Written by Seungik Shin
According to the website City Stats, 70 percent of Palo Alto are liberal. Although Palo Altans claim to condemn discrimination and judgement, in being part of a liberal majority, many Palo Altans have inadvertently contrived an intolerance of other ideas.
Palo Alto tends to shut out topics concerning different beliefs. Like many other extreme American liberals, Palo Altans believe in free speech but not everyone gets to express their beliefs. Sometimes, people are discouraged from even mentioning their religious views. By expressing their religious beliefs they offend non-believers or those who find their religious views offensive; meanwhile, people are urged to listen carefully to those who attack their religions lest they risk appearing close-minded or bigoted. Similarly, Palo Altans have created, in our drive for “political correctness,” an elitist society that has made it permissible and even normal for people to censor people who have different views simply because they say things that are contrary to their own personal beliefs. For instance, after Trump was elected president, many Gunn students stormed to Facebook, posting statuses saying “You can unfriend me if you voted for Trump,” or “If you voted for Trump, we can’t be friends.” These messages reflect a common mindset among Palo Altans: if someone isn’t liberal, they are inherently a bad person. People who posted these statuses, or who share this belief, are often the very people who believe in acceptance of everyone, regardless of their ethnicity, race or sexuality. Yet, when it comes to this particular political ideology, Palo Altan liberals go against their own statutes when it comes to anyone who might have a contrasting view to theirs. This is not only hypocritical, but also inhibits progress in terms of decreasing partisanship and coming to a consensus in common-sense policy decisions.
Palo Altan ideals thus do not represent a just and fair society; instead their practices and actions attack their adversaries instead of maintaining the open mind many left-leaning community members tend to promote. After the recent election there were mixed feelings among the nation, and Palo Alto was no exception. Messages asking Trump supporters to unfriend them demonstrated the hate developed towards conservatives, or anyone who doesn’t agree with their views in general.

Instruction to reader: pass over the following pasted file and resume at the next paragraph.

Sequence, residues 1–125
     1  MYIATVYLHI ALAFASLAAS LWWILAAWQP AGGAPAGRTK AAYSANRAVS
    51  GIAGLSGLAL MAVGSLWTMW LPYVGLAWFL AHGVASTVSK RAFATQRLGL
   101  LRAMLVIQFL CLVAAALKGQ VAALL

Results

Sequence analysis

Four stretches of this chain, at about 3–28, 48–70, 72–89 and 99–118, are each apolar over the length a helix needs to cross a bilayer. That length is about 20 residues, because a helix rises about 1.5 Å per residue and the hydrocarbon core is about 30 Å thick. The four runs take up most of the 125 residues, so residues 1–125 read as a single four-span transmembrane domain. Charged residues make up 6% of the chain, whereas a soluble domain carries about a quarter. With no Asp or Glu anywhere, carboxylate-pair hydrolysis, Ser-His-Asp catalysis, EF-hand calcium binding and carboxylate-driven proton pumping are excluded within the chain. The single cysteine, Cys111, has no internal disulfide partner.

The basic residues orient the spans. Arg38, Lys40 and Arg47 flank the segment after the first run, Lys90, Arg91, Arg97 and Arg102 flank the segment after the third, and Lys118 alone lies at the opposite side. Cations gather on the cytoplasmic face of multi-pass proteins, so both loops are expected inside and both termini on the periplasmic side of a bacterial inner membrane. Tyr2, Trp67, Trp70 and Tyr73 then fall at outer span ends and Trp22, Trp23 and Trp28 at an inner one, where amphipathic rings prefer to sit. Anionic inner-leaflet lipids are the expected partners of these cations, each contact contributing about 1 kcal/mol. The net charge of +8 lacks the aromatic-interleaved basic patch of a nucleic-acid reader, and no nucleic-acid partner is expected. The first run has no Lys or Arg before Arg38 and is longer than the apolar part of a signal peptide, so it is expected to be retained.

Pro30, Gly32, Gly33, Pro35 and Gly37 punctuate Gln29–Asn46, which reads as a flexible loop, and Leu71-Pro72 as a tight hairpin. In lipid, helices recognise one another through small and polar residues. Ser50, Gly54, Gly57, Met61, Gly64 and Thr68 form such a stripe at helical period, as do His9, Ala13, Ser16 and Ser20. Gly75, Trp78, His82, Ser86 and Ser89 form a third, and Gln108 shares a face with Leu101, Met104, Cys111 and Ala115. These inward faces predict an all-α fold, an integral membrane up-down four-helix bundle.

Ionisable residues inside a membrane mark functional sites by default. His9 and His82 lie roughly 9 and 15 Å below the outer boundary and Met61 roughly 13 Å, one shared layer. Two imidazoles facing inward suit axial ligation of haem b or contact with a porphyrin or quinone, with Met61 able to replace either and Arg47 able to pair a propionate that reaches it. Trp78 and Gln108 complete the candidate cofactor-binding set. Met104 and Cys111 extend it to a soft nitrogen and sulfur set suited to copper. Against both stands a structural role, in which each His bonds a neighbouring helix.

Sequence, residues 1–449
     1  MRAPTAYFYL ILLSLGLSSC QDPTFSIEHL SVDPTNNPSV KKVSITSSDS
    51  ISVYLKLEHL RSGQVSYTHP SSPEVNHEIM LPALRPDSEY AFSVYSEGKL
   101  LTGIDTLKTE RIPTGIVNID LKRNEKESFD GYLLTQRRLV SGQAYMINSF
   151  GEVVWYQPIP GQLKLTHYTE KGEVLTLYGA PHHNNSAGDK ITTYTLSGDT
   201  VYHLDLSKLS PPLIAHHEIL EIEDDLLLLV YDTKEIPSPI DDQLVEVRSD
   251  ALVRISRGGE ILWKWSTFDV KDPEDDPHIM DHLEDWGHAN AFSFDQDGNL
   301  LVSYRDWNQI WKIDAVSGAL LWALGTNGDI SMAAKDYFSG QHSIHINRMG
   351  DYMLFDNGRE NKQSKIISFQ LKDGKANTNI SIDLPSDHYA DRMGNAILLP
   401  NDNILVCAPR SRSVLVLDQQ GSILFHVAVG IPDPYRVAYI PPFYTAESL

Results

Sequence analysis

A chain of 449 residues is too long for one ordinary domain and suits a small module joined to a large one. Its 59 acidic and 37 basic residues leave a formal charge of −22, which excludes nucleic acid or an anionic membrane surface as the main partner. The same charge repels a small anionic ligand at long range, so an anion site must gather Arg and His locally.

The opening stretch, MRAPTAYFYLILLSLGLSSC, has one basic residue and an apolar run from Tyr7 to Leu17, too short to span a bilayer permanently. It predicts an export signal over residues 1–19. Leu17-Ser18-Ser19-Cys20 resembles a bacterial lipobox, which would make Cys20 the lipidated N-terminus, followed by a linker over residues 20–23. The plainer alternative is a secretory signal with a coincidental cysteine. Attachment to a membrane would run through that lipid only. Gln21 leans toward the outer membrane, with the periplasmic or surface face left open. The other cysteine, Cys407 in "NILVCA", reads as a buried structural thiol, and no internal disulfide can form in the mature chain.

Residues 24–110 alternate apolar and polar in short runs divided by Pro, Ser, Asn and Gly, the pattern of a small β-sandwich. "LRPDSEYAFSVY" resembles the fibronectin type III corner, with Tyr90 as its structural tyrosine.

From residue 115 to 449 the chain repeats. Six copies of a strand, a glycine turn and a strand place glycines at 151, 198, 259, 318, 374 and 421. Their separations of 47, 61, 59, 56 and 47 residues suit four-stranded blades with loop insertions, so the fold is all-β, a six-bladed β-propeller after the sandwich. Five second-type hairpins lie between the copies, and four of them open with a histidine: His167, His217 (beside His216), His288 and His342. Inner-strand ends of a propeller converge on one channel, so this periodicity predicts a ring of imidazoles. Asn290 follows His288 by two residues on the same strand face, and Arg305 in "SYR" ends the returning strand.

Lastly, Palo Alto abuses political labels. When people feel obligated to confine themselves to a specific political label, they begin to stop putting effort into listening to each other’s views and instead formulate beliefs based on the their rigid box of beliefs their political party keeps instead of on their own logic. For instance, many Palo Altans tend to look down upon and mislabel of Donald Trump supporters. People tend to think of Trump supporters as definitively sexist, homophobic and racist. This mindset hinders one’s ability to engage in thoughtful, constructive and educated discussion about national policy and other political issues. Political labeling promotes thoughtless decision-making over rational and independent judgment for a given issue. Rather than focusing solely on the issue at hand, Palo Altans often adopt the position of their party or political identity without serious consideration of the contrary positions. It leaves the community with the inability to consider other people’s’ points of view and discourages forward thinking.
All in all, despite Palo Alto’s liberal stance and inclusiveness towards other cultures and ethnicities, Palo Alto has an intolerance when it comes to conservatism—limiting the inclusiveness it strives for and, ultimately, hurting others.